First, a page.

Forwarding module 144 can be implemented for use as a wired or wireless communication interface. In some implementations, forwarding module 144 contains one or more physical data ports to connect to elements of network 100. For example, in some implementations, forwarding module 144 can include a network interface controller having an Ethernet port. In some implementations, forwarding module 144 includes hardware in the form of a hard drive, related firmware, and other software for allowing the hard drive to operatively

communicate with other hardware of switch 110. Forwarding module 144 can include information for use with forwarding module 144, such as firmware for using physical or virtual communication ports.

[0048] It is appreciated that forwarding module 144 can, in some implementations, share hardware, software, or data with receiving module 138 or another module. For example, in some implementations, forwarding module 144 can share the use of a single Ethernet port with receiving module 138, whereas in some implementation, forwarding module 144 and receiving module 138 use separate Ethernet ports. It is appreciated that any modules can share hardware, software, or data with any other module in order to achieve their respective objectives.

[0049] FIG. 5 is a diagram illustrating examples of a first and second hash table for use by a switch in forwarding packets to a minimum or non-minimum cost forwarding node. For illustration, the description of FIG. 5 makes reference to elements of example network 100, such as switch 110. However, it is appreciated that this description can be applicable for any suitable network or network element described herein or otherwise. In this example, each hash table indicates forwarding paths for packets received at switch 110. As described above, switch 110 can include instructions to route packets along a non-minimum cost path based on whether an adjacent upstream node is itself a minimum or non-minimum cost sending node. As described above, the determination as to whether an adjacent upstream node is a minimum or non-minimum cost sending node can be based on an ingress port of switch 110 or other criteria. [0050] If switch 110 determines that a packet should be forwarded to a non-minimum cost sending node, switch 110 refers to hash table 1 for further forwarding information. If switch 110 determines that a packet should be forwarded to a minimum cost sending node, switch 110 refers to hash table 2 for further forwarding information. With reference to hash tables 1 and 2, a hash table value of b indicates that the packet should be forwarded to minimum cost forwarding node 112 via route b, a hash table value of c indicates that the packet should be forwarded to minimum cost forwarding node 112 via route c, and a hash table value of d indicates that the packet should be forwarded to non-minimum cost forwarding node 114 via route d.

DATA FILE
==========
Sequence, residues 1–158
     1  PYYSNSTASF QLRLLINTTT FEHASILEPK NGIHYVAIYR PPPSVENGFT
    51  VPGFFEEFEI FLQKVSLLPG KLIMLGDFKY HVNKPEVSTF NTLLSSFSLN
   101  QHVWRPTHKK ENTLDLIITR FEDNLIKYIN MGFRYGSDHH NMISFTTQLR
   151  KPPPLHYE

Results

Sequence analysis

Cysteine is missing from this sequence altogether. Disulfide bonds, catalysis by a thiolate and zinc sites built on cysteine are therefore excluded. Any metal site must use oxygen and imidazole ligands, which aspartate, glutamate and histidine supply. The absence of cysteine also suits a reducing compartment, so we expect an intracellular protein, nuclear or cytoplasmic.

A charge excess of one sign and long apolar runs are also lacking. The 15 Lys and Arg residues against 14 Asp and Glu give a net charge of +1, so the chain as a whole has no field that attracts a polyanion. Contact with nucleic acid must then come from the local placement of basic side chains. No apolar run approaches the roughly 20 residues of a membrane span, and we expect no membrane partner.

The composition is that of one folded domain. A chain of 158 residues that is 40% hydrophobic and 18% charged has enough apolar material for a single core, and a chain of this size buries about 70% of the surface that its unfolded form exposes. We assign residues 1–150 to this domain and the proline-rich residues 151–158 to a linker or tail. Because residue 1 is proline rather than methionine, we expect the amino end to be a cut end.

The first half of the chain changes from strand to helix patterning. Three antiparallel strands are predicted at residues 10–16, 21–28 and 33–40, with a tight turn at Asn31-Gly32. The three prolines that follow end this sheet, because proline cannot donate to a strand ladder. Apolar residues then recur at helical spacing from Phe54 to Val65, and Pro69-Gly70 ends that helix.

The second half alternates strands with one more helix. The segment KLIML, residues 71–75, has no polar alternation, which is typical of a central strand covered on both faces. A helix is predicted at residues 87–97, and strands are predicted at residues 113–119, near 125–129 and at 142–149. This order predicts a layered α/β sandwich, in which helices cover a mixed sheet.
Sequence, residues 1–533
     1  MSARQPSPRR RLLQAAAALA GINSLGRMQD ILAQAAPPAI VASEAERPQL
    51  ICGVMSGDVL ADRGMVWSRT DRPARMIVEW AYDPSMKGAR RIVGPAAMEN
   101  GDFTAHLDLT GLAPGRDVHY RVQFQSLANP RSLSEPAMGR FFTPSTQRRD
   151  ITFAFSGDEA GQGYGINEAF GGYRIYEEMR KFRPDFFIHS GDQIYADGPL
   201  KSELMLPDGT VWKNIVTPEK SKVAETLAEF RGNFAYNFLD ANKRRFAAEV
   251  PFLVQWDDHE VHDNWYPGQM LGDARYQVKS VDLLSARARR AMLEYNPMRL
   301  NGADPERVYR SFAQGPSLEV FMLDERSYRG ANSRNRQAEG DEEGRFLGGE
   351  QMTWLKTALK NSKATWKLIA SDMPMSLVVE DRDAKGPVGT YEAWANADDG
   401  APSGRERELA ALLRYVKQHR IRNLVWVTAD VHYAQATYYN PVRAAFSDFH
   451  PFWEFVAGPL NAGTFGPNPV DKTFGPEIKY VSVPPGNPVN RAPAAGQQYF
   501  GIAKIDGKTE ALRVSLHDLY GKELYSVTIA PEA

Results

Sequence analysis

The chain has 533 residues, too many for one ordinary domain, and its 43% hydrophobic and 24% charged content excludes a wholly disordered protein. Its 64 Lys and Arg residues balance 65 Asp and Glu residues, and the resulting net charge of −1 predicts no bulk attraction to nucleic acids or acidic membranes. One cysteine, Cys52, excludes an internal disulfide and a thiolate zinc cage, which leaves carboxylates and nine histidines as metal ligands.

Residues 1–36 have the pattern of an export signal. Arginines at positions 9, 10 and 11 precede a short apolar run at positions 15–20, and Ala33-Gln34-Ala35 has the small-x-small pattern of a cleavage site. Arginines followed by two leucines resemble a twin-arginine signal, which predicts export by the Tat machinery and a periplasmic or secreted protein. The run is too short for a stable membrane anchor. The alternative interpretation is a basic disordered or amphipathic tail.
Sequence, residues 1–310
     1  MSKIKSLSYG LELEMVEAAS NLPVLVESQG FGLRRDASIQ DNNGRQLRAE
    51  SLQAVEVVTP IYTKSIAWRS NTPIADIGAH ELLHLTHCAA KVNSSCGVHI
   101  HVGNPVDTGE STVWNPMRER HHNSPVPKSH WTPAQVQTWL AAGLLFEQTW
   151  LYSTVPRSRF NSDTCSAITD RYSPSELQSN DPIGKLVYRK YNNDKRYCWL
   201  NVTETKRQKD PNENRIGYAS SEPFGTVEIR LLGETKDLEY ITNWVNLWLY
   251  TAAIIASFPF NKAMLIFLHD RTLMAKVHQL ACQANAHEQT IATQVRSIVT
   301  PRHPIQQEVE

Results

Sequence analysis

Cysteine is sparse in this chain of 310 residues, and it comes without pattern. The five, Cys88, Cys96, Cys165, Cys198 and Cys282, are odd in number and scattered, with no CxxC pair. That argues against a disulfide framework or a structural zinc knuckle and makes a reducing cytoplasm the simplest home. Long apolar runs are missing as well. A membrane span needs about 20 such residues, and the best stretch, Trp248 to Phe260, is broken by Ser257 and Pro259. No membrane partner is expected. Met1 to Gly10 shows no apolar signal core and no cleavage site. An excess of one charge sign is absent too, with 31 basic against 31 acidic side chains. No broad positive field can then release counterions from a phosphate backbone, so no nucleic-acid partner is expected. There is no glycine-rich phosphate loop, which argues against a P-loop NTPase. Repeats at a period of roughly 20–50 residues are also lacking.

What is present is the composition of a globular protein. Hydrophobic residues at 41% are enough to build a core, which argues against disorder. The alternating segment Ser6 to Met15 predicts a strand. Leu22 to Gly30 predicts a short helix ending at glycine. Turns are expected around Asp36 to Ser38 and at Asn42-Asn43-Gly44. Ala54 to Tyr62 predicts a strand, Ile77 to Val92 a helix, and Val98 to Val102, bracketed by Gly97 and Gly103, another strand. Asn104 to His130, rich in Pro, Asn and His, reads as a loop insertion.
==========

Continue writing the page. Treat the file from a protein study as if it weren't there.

[0051] As depicted in hash table 1, in some implementations, switch 110 can be instructed to route some received packets to minimum cost forwarding node 112 in addition to non-minimum cost forwarding node 114 even if the packets are eligible for routing to the non-minimum cost forwarding node. However, as depicted in hash table 2, in this example, if a packet is eligible for minimum cost forwarding, the packet will be forwarded only to minimum cost forwarding node 112. Similarly, in certain implementations, if a packet is eligible for non-minimum cost forwarding, hash table 2 can be provided to instruct switch 110 to only forward the packet to a non- minimum cost forwarding node.

[0052] FIG. 6 is a diagram of an example software-defined network (SDN) 146 including an SDN controller 148 with SDN routing instructions 150 for routing data along a data path defined by network data path elements (e.g., switches 152, 154, 156, 158, 160, and 162) between a source node 164 and destination node 166. In an SDN, control decisions for routing traffic through the network can be decoupled from the network's physical infrastructure. For example, in some SDNs, a network controller, such as SDN controller 148, can instruct network data path elements to flow traffic along a selected routing path defined by the network data path elements. Other functionality can be achieved through the use of software-defined networking. For example, SDN applications can be installed on or interface with a network controller to meet customer use cases, such as to achieve a desired throughput or other quality of service. [0053] SDN controller 148 is connected to multiple network nodes via various wired or wireless data links. SDN 146 can be implemented through the use of an SDN controller 148 that interfaces with various SDN-compatible devices via a suitable Application Program Interface ("API"), or another suitable protocol (e.g., OpenFlow and/or simple network management protocol (SNMP)). In some implementations, SDN controller 148 may interface with controlled network devices via an interface channel that connects each controlled device to SDN controller 148 to allow SDN controller 148 to configure and manage each device, receive events from each device, and send packets using each device. As used herein, the term "controlled" in the context of SDN-compatible network data path elements, such as "controlled switches," is intended to include devices within the control domain of SDN controller 148. Such a controlled switch can, for example, communicate with SDN controller 148 and SDN controller 148 is able to manage the switch in accordance with an SDN protocol, such as the OpenFlow protocol. For example, an OpenFlow-compatible switch controlled by SDN controller 148 can permit SDN controller 148 to add, update, and delete flow entries in flow tables of the switch using suitable SDN commands. Each flow entry in a flow table can contain information such as: (1) match or hash fields to match against packets (e.g., an ingress port and packet headers), (2) a priority value for the flow entry to allow prioritization over other flow entries, (3) counters that are updated when packets are matched, (4) instructions to modify the action set or pipeline processing, (5) timeouts indicating a maximum amount of time or idle time before a flow is expired by the switch, and (5) a cookie value which can be used by the SDN controller to filter flow statistics, flow modification, and flow deletion.